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The hack that wiped everything off the website of South African hip-hop act Die Antwoord, is over. It seems that everyone involved in the sorry saga has decided to move on and get back to the business of musical world-domination.
For nearly 48 hours there was no word out of Die Antwoord, the hip-hop superstars, who burst to global fame through their seductive use of YouTube and Facebook. Some took the silence to be indifference, but it turns out that there was frantic activity going on behind the scenes trying to sort it out. Early on Friday morning this post appeared through their social media channels: “OK F*k. Dirk The Oracle has finally chilled the f*k out. Dirk said sorry for hacking into our site after we took it away from him 2 days ago while he was busy popping pills and f**king whores in Hillbrow. Dirk has finally finished the DieAntwoord.com.The last thing he f**ken has to do is type out all our translated lyrics which he said is taking him f**ken long, so that will only be up tomorrow. Jissis.”
For two days, the message on the site simply read “Dirk f*cks whores.” It became clear that Dirk was the web developer who was building their website and clearly there had been technical glitches. A few days earlier, this post appeared from the band: “Fokken fok! There was a f*kken glitch in the matrix. Our interweb countdown just got a extra 24 hours added to it! Dirk Our f*kken interwebsite oracle is not answering his f*kken phone. He is probably f*kken stoned or something. F*k. We can’t f*kken believe this. We going to call someone else now to go to Dirks house and f*ck him up while we find a new oracle. Jissis.”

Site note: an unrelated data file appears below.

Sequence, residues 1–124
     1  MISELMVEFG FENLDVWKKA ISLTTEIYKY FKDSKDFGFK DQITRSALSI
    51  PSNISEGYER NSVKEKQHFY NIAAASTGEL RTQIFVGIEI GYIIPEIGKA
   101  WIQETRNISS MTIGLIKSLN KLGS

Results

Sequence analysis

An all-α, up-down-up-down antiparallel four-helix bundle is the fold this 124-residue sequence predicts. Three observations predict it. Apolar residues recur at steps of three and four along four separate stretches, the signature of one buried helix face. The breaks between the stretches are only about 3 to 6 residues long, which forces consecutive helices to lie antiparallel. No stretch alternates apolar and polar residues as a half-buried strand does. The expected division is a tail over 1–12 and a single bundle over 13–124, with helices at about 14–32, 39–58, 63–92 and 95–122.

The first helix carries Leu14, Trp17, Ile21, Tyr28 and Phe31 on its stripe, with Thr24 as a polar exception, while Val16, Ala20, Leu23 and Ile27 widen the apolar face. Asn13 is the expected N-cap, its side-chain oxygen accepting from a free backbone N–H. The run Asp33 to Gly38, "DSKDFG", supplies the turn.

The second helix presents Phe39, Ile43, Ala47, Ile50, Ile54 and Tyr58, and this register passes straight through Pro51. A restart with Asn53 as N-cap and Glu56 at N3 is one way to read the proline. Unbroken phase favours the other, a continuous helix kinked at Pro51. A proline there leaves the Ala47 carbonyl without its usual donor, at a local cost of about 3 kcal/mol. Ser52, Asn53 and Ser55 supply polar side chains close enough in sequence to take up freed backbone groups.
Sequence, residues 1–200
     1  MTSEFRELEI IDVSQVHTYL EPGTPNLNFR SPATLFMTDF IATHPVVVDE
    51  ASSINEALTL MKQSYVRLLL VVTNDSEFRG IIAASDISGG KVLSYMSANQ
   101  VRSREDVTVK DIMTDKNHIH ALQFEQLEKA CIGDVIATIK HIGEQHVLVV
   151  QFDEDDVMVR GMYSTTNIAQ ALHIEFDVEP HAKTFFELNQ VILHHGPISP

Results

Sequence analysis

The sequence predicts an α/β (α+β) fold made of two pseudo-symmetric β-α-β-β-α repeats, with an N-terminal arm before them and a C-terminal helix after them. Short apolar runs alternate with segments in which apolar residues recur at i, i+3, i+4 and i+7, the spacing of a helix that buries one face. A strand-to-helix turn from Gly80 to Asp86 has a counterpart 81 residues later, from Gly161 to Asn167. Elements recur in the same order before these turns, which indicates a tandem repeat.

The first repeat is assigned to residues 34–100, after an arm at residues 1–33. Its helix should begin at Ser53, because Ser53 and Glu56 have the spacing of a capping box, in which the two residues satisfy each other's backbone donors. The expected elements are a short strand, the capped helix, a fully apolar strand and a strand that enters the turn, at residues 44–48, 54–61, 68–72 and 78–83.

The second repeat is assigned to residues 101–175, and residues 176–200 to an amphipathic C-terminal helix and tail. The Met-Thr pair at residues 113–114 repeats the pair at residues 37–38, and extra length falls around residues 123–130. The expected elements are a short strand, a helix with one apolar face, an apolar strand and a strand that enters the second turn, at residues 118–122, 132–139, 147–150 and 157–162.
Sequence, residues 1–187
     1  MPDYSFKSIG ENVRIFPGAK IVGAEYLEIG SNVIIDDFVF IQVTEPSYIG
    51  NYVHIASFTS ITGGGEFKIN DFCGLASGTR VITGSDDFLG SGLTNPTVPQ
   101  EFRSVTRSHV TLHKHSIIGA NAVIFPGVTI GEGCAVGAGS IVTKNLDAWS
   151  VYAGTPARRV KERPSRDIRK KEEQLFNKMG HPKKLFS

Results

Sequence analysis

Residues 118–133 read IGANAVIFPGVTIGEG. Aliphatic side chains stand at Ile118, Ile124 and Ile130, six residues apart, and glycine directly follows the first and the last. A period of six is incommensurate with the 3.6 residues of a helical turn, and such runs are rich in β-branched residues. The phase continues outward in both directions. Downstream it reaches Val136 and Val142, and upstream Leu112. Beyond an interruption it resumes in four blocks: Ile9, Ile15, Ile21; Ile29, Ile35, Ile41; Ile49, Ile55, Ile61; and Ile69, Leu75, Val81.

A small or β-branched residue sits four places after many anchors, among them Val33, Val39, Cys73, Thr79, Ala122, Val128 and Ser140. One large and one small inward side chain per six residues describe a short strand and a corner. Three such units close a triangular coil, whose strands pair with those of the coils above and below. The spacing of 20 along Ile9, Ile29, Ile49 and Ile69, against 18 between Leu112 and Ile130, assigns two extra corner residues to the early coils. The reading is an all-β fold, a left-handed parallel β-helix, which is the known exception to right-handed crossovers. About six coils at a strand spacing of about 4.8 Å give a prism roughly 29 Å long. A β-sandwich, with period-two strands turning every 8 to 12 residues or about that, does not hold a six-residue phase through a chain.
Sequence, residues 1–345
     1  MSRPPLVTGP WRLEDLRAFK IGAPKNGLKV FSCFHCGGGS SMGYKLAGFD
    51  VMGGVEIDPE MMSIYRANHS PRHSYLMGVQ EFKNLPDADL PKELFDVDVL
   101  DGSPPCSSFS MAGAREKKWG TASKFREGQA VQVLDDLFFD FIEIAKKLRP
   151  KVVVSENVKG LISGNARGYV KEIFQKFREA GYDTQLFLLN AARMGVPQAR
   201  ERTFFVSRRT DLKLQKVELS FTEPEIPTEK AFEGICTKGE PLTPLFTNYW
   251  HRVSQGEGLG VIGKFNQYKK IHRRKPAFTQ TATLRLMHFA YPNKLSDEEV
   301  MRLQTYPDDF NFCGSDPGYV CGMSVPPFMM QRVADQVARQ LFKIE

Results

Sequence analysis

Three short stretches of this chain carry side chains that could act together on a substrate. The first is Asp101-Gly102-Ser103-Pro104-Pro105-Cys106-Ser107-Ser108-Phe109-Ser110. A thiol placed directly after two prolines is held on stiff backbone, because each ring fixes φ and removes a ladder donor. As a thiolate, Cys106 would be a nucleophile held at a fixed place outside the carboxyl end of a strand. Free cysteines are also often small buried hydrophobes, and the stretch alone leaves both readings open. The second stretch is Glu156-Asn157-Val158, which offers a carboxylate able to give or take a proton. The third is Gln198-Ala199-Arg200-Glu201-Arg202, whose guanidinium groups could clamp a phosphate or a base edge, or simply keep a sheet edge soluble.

Shortly after that status update went out on Facebook, the hack kicked in and shut down the whole website. Now that the new site is up and running, it showcases everything that the band is about. Fresh, original content, well-presented and simple with buckets of attitude.
But I can’t help thinking that this was not a real hack. Perhaps the site was unfinished, perhaps “Dirk” needed another few days to get it up and running, and so someone on the creative team conjured up a “hack” that would buy them some time to finish the site? It’s just a theory, and I might be wrong. But if Dirk was really the one hacking his own site, why would he put up the message “Dirk f*cks whores”? As if somehow that is a big achievement and something to be proud of. If someone else was attacking Dirk, then it makes sense to write that. But Dirk himself writing that? Doubtful.
No matter, the site looks fantastic and we can chalk it up to another exciting episode in the unlikely story of the Afrikaans hip-hop who rode the web to global musical fame and fortune.